The diesel fuel puddled up against the sides of the dock. Its reddish pink hue almost made it look drinkable—like someone had accidentally spilled a huge raspberry smoothie.

But when boat captain Kevin Moak got to the harbor on Tuesday morning, he saw the diesel puddle and knew there wasn’t much time.

The fuel was coagulated in a holding ditch behind Harbor Docks, where storm water from the highway is drained into the harbor through a series of pipes.

An impending storm would expel water from the highway’s drainage pipes, overflowing the diesel-filled ditch and sending the fuel into the harbor.

Moak started to make phone calls, springing into action. He estimated that there was about 25-30 gallons of fuel threatening to spill out into the open water.

"I called the city first but never heard back from them, so I called the Coast Guard. The pollution response team is located in Panama City, so they had to drive all the way up from there," Moak said.

In the meantime, Moak drove to Ace Hardware and picked up a few oil pads in the hopes that they would help suck up some of the oil, but he didn’t have enough make a dent.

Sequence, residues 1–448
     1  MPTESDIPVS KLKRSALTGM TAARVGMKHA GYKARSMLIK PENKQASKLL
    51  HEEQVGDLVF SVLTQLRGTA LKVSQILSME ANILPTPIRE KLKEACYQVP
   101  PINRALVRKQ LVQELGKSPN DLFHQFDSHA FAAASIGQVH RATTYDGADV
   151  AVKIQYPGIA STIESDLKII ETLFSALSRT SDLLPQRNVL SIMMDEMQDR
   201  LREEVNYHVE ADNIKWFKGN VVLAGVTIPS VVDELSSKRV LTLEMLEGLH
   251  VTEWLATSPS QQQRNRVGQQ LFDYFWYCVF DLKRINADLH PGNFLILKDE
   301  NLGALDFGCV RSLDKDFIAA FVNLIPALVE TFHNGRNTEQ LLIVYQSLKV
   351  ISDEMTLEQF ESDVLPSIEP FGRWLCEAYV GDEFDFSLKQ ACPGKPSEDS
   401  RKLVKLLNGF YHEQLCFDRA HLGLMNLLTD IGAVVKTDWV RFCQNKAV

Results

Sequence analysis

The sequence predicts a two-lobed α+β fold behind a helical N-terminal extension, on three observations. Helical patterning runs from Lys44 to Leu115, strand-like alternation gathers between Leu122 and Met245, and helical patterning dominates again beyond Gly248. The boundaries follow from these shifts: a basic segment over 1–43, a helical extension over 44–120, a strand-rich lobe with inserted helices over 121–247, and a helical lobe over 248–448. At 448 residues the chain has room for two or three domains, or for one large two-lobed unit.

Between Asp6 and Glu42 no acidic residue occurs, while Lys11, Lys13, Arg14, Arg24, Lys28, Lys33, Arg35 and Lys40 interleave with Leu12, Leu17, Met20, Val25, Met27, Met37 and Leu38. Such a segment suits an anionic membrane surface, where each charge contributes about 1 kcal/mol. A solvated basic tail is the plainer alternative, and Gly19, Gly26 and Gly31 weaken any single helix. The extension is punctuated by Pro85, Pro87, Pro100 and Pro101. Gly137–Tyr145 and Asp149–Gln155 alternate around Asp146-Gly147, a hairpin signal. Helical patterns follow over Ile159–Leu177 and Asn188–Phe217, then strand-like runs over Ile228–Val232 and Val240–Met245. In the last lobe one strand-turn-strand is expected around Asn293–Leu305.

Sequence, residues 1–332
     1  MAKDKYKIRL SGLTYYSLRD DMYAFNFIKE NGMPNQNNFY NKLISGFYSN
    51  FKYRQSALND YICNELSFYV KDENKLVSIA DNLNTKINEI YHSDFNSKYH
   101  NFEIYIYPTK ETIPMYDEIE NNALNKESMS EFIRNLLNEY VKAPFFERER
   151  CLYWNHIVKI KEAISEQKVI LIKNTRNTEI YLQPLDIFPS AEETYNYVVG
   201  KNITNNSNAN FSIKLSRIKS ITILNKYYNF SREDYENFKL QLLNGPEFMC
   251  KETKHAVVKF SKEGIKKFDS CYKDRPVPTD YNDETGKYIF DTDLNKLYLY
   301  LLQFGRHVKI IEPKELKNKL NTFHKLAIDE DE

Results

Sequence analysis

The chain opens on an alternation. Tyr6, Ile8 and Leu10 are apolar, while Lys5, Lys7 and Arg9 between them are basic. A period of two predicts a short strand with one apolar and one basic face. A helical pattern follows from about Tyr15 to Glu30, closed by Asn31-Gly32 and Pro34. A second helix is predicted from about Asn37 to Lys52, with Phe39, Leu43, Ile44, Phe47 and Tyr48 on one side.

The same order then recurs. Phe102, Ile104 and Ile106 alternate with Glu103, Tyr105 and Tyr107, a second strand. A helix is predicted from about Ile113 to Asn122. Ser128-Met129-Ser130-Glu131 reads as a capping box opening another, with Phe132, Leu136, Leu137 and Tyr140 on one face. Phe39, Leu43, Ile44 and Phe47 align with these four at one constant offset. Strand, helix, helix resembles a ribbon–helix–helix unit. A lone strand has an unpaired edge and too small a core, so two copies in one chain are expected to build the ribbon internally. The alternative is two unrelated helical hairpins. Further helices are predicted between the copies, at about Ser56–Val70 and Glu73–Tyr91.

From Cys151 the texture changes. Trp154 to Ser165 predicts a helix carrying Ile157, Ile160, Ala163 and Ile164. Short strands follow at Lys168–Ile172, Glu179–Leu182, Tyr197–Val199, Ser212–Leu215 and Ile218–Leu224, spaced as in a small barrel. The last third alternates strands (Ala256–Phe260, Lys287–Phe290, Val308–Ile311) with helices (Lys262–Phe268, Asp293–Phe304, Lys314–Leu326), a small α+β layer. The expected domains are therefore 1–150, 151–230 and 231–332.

Marine Safety Technician 3rd Class Dillon Lyons responded to the scene with his crew as the storm rolled in.

"My first thoughts upon arriving on scene were to quickly assess the discharge, identify a source, and determine a responsible party," Lyons said.

But a few minutes after arriving, it began to pour.

The water rushed out of the storm drain, overflowing the ditch that held the diesel fuel. The fuel mixed with the storm water and spread throughout the harbor, pushing further away from shore.

"It was too late." Moak said. "There was nothing anyone could have done at that point."

The diesel spread throughout the harbor, creating a slick, rainbow sheen across the water.

"The biggest issue with oil in the waterways is how it affects the environment," Lyons said. "Diesel, being lighter than water, will float on the surface until it is weathered or mixed. This negatively affects birds or other animals that may come to the surface of the water looking for food."

The cause of the diesel spill is unknown, but according to Lyons, a fuel spill is often the result of human error or mechanical malfunctions.